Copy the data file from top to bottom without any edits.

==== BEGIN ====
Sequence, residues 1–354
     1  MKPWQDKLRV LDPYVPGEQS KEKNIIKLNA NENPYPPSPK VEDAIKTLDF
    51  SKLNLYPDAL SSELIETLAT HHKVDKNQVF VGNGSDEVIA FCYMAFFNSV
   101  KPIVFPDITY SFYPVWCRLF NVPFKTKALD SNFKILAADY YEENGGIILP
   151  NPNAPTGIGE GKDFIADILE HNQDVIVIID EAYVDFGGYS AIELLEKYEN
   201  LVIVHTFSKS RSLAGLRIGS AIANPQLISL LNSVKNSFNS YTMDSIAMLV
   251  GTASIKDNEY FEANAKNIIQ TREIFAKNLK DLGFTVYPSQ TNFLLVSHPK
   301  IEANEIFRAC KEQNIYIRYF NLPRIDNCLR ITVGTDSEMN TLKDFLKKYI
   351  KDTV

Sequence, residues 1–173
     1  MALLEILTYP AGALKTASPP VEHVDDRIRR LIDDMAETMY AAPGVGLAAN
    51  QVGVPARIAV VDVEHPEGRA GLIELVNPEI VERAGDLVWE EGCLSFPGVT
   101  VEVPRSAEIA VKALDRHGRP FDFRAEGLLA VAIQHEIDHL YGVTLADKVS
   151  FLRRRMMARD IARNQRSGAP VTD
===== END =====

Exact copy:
Sequence, residues 1–354
     1  MKPWQDKLRV LDPYVPGEQS KEKNIIKLNA NENPYPPSPK VEDAIKTLDF
    51  SKLNLYPDAL SSELIETLAT HHKVDKNQVF VGNGSDEVIA FCYMAFFNSV
   101  KPIVFPDITY SFYPVWCRLF NVPFKTKALD SNFKILAADY YEENGGIILP
   151  NPNAPTGIGE GKDFIADILE HNQDVIVIID EAYVDFGGYS AIELLEKYEN
   201  LVIVHTFSKS RSLAGLRIGS AIANPQLISL LNSVKNSFNS YTMDSIAMLV
   251  GTASIKDNEY FEANAKNIIQ TREIFAKNLK DLGFTVYPSQ TNFLLVSHPK
   301  IEANEIFRAC KEQNIYIRYF NLPRIDNCLR ITVGTDSEMN TLKDFLKKYI
   351  KDTV

Sequence, residues 1–173
     1  MALLEILTYP AGALKTASPP VEHVDDRIRR LIDDMAETMY AAPGVGLAAN
    51  QVGVPARIAV VDVEHPEGRA GLIELVNPEI VERAGDLVWE EGCLSFPGVT
   101  VEVPRSAEIA VKALDRHGRP FDFRAEGLLA VAIQHEIDHL YGVTLADKVS
   151  FLRRRMMARD IARNQRSGAP VTD